Wheels up to 26mm wider than the largest optional wheel recommended by the vehicle manufacturer for the vehicle can be fitted without the need to notify the RTA. The overall diameter of the wheel and tyre combination must be no more than 15mm over the largest diameter wheel and tyre combination specified for the vehicle and not more than 15mm below the smallest diameter wheel and tyre combination specified for the vehicle.
When fitting a larger wheel & tyre fitment the combination of the replacement fitted unit MUST stay within the mudguard. Also when viewed directly from the top of the mudguard to the ground, with the tyre & wheel unit facing in a straight ahead position, the tyre & wheel MUST not be visible.
Influence of Smaller Offsets to Standard Fitment
If the new wheel is wider than the wheel fitted originally by the vehicle supplier, clearance could be reduced between the vehicle's bodywork and or suspension.
There is obviously a limit to how much of a width change you can make without adversely influencing legal requirements, which require the wheel and tyre unit to be covered by the mudguard and not protrude from the vehicle's bodywork.
Smaller offsets will create a scrub radius, which may affect the handling of the car, but there are a number of reasons why you may need to choose a smaller offset, which are in the next slide.
- To compensate for a wider wheel: A wider wheel with an identical scrub radius as the original wheel, will be positioned closer to the suspension components. If the wheel is too wide, it will not fit. To compensate, you would choose a smaller offset to move the wheel away from the suspension or inner bodywork.
- A smaller offset than the original will set the wheels outward, so that the stance of the car becomes wider and stability is increased. In some applications, the benefits of this stability are greater than the drawbacks of the scrub radius change and the driver may make this compromise.
- Smaller offsets than original fitments, move the wheels outward so they have a tendency to fill out the wheel to provide improved looks. Vehicles set up for show, more than performance, will often choose a lower offset wheel. If the offset is too small the sidewall will rub the inside of the external bodywork.
A wheel fitment refers to the wheel fits within the wheel well and under the fenders. The wheel and tyre combination must fit your specific vehicle to allow for appropriate handling and performance capabilities.
Your local Jax Tyres & Auto professional is able to perform a wheel fitment for you. We’ll mount and balance the correct wheel and tyre combination for your particular make and model vehicle.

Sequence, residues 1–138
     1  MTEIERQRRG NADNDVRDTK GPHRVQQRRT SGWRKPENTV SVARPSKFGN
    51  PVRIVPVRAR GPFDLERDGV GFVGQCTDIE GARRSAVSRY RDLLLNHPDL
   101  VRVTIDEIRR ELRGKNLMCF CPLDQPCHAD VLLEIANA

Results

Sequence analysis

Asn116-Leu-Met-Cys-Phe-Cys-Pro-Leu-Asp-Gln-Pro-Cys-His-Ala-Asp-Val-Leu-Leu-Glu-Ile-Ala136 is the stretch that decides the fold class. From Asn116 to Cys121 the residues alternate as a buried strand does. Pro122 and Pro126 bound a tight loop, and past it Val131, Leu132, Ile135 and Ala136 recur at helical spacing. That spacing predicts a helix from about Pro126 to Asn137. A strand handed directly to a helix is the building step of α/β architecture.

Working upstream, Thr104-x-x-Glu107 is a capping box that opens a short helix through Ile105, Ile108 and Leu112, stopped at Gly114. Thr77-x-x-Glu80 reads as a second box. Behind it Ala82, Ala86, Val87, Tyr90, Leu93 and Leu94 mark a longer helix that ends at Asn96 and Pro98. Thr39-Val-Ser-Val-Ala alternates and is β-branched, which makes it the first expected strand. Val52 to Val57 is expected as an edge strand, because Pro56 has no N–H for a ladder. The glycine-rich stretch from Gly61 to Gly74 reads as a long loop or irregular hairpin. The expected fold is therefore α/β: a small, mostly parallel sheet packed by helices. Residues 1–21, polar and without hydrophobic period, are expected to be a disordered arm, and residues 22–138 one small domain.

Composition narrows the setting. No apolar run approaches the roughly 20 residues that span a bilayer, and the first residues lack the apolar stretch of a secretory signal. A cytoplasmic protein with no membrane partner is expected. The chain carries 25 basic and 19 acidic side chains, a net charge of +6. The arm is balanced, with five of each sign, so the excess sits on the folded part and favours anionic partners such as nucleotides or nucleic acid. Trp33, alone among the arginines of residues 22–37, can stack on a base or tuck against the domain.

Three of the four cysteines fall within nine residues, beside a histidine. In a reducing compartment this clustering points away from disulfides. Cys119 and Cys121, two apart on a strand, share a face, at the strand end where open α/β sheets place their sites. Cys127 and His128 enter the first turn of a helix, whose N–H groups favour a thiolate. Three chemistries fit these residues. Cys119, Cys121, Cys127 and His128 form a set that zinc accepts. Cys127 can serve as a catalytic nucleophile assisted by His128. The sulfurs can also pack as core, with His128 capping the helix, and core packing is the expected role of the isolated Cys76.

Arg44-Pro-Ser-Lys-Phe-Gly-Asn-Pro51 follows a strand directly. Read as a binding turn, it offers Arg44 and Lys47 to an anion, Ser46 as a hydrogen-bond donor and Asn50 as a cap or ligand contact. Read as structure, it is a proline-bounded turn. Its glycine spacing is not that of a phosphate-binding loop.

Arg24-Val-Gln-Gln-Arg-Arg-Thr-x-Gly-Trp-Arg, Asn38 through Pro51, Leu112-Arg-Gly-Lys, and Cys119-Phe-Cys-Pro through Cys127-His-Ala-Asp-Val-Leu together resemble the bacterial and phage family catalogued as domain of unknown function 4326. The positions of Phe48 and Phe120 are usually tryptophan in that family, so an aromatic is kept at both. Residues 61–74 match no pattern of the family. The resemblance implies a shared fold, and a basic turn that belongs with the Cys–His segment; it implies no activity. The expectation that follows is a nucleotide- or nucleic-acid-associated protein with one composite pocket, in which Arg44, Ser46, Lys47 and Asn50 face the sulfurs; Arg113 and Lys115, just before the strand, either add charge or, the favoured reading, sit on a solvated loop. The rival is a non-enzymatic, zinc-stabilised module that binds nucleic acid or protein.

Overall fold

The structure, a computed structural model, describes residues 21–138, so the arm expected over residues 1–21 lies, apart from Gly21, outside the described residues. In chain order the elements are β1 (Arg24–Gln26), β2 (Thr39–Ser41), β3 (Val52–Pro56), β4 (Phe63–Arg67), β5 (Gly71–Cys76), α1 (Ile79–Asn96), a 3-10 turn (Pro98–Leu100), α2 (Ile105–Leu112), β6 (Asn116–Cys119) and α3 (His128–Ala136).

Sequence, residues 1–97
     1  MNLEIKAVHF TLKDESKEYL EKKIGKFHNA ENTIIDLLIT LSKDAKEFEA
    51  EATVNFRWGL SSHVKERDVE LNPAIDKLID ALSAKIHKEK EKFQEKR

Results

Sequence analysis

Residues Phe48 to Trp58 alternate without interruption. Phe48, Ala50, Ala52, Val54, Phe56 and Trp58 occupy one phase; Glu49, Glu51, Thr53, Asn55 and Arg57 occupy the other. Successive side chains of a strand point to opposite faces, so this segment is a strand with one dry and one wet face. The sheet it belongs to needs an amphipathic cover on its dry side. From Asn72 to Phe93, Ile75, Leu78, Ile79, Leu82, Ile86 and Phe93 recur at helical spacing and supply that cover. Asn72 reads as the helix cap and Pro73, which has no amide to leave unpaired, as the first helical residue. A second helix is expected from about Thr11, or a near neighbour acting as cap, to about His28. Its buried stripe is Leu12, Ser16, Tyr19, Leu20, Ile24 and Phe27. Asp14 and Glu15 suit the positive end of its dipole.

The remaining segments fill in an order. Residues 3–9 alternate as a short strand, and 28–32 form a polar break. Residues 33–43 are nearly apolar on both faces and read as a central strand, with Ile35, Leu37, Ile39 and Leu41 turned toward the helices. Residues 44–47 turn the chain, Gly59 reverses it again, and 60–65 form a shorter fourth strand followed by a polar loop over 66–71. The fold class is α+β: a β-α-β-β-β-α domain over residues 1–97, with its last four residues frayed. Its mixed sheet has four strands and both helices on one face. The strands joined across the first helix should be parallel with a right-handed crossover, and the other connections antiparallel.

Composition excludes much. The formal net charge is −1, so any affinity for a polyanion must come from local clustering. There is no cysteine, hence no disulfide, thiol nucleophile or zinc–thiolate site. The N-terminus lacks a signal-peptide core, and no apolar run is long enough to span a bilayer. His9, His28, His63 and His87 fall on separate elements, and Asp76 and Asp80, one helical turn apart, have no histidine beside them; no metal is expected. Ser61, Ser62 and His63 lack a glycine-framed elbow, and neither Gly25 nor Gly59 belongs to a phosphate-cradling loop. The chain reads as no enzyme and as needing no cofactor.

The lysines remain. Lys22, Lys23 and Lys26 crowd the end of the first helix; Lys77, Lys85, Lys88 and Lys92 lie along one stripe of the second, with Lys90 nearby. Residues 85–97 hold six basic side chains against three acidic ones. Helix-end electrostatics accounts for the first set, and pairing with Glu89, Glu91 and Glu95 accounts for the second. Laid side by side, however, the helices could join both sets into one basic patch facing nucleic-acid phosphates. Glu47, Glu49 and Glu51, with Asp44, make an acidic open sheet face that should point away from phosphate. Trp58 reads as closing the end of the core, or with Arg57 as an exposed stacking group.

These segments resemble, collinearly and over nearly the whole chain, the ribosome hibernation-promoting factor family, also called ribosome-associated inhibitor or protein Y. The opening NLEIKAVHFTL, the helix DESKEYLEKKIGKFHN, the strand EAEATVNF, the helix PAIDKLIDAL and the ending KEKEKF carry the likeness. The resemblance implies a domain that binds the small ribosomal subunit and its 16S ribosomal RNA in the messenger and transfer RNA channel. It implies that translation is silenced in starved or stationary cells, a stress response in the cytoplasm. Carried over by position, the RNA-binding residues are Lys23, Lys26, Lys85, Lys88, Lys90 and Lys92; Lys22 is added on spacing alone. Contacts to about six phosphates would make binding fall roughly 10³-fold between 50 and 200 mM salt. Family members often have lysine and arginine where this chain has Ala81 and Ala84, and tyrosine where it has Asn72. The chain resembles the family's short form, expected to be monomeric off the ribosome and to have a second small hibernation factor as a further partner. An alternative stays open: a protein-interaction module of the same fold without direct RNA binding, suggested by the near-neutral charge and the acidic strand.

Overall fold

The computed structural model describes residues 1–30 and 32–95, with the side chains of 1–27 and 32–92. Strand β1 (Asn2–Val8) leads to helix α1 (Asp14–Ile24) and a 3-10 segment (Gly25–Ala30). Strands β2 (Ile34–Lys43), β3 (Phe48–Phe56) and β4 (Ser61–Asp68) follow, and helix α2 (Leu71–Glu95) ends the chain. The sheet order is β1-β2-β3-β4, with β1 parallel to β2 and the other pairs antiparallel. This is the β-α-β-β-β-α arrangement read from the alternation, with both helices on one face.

Knowing whether your new wheel will fit your vehicle can be a bit tricky. Jax Tyres & Auto are experts in their field and will help you find the right wheel for you. There are four critical elements:
- Bolt Pattern: Consists of the number of wheel studs and the measurement between the two furthest bolts. For example, if your bolt pattern was 5X100, ‘5’ stands for five bolts on the wheel; 100mm for the length between the two furthest bolt holes.
- Backspace: Measure from the mounting surface of the wheel to the back of the wheel in inches. The measurement will show you the maximum distance the wheel can go back without rubbing any other vehicle components under the fender.
- Offset: The offset is measured from the centreline of the mounting pad and calculated in positive (+) or negative (-) millimetres (mm).
- Plus sizing or upsizing: If the diameter of your wheel increases, you must reduce the aspect ratio to maintain the same overall diameter of your wheel-to-tyre setup. Reducing the aspect ratio maintains enough clearance from your other vehicle components.
Wheel offset is one of the most significant factors when determining whether your wheel will fit your specific vehicle. Getting the wrong offset when replacing your wheels risks damaging the replacement wheels and tyres as well as the suspension components.
- Too much positive offset: It will push the wheel farther in towards the suspension. Wheels set too far inwards can cause rubbing against your suspension, damage the inner wheel attachments and cause tyre rub. If not fitted properly, you’re in danger of a blowout.
- Too much negative offset: Your wheels can protrude too far out. Wheels pushed too far outwards can contribute to poor handling due to additional stresses on the suspension components.
Having a negative offset on any width wheel is generally considered an aggressive offset.
A negative offset causes the wheel to push outwards. A more aggressive wheel fitment will give your car a much wider stance.
A wheel poke or stance is when the wheel and tyre stick outside of your fender. This is usually caused by changing your wheel to a negative offset, or moving to zero offset if your wheels are usually set as positive.
It's illegal for your tyres or wheels to stick out past your wheel arch in Australia.
Each state sets limitations to the changes that you can make to your vehicle's wheel track. Your wheel track is the distance between two wheels that sit side-by-side. The wheel track is affected when you change your wheels offset.
See your JAX Tyres & Auto wheel specialist for the best advice on all performance and safety aspects.